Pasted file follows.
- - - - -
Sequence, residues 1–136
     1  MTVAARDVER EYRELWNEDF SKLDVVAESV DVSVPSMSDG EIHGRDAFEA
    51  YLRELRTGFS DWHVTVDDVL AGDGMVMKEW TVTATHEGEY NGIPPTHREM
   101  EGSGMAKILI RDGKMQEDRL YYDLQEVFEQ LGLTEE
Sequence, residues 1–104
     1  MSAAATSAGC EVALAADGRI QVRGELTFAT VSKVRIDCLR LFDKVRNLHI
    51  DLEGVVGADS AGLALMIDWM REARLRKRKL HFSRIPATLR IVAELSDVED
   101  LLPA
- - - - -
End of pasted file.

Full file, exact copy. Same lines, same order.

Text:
Sequence, residues 1–136
     1  MTVAARDVER EYRELWNEDF SKLDVVAESV DVSVPSMSDG EIHGRDAFEA
    51  YLRELRTGFS DWHVTVDDVL AGDGMVMKEW TVTATHEGEY NGIPPTHREM
   101  EGSGMAKILI RDGKMQEDRL YYDLQEVFEQ LGLTEE
Sequence, residues 1–104
     1  MSAAATSAGC EVALAADGRI QVRGELTFAT VSKVRIDCLR LFDKVRNLHI
    51  DLEGVVGADS AGLALMIDWM REARLRKRKL HFSRIPATLR IVAELSDVED
   101  LLPA